And all of that is prelude to the question of whether Andy Dalton is the right quarterback to put Taylor's vision into reality, or whether he is long for the Bengals at all. It was not necessarily shocking to see the Bengals elect to hang onto Dalton for (at least) one more season rather than cast him aside and create $16.2 million in additional cap room, but it was at least slightly surprising. (Not that the famously frugal Bengals would have really splurged with that cap room anyway.)
Dalton is heading into his age-32 season and has now been in the league for eight years. During that time he has shown that his ceiling is somewhere around "slightly above-average quarterback." Take a look at his league-adjusted passing stats, via Pro-Football-Reference, while noting that 100 is average and every point above or below 100 represents a 1 percent difference from the league average. (i.e. 105 is 5 percent better than league average and 95 is 5 percent worse.)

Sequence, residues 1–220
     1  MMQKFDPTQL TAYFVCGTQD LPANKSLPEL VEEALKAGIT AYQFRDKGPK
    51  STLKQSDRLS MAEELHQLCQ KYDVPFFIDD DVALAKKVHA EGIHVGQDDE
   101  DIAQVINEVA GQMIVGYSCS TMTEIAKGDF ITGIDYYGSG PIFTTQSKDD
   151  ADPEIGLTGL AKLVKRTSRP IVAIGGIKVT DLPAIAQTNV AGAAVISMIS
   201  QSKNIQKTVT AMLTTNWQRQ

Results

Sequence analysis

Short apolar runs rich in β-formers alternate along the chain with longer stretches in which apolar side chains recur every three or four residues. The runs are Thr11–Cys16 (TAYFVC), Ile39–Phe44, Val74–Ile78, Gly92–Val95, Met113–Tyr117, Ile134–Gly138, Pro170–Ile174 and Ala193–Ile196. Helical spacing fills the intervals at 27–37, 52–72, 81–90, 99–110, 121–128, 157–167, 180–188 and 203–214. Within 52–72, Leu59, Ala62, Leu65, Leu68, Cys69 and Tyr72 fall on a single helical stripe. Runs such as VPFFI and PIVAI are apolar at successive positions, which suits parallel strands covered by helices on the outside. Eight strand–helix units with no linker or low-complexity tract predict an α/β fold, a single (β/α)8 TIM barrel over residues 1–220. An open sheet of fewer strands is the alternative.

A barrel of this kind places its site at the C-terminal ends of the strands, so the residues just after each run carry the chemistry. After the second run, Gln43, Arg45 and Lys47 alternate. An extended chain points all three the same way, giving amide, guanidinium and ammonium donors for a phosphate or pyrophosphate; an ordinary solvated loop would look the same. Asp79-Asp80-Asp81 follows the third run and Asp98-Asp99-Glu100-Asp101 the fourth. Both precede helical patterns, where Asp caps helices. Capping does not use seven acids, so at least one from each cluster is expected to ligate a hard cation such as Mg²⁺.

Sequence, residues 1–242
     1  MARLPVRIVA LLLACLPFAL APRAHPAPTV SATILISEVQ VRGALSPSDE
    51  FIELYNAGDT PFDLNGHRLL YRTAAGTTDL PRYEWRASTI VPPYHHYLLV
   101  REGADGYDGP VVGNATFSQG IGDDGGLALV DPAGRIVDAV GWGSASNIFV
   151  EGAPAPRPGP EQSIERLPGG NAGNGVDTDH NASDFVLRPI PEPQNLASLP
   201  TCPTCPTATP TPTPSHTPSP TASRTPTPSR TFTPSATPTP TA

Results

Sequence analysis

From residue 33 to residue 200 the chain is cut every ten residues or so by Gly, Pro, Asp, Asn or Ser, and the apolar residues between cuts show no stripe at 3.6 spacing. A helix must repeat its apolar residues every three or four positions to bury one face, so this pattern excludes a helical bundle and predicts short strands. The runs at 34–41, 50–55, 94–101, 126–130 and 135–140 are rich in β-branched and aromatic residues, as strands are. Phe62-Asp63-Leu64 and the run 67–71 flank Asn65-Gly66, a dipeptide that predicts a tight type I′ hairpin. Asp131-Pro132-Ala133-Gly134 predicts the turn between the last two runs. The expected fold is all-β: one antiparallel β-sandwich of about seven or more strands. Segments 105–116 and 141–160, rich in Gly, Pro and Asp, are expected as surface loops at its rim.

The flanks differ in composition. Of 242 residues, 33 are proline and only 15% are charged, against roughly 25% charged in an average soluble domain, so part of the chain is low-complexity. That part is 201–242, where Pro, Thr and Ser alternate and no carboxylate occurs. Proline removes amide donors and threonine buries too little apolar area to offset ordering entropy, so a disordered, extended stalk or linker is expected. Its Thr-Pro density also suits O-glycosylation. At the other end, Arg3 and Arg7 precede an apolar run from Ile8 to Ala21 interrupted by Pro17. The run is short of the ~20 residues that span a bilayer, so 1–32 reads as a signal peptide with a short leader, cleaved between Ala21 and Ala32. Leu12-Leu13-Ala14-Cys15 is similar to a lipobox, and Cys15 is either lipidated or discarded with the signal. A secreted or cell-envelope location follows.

The circumstances required to hit the ceiling he reached in 2015 are not necessarily the kind of things that can be counted on year in and year out. It's not a coincidence that that was the one season where Eifert stayed fully healthy, for example. Nor is it a coincidence that that was the season where Dalton took a career-low 20 sacks, and threw a career-low 29.7 passes. The more Dalton has been asked to do, the worse off the Bengals have generally been.
Taylor will likely scheme Dalton into somewhat easier throws than his past several offensive coordinators, but it seems unlikely that he is going to suddenly turn into a much different, far better player at age 32 than he has previously been. And if he's not going to improve on what he's done, then is he really the guy? Is fourth-round pick Ryan Finley the guy? The answer to both questions is probably not, which means we're a ways away from Taylor finding his version of Jared Goff.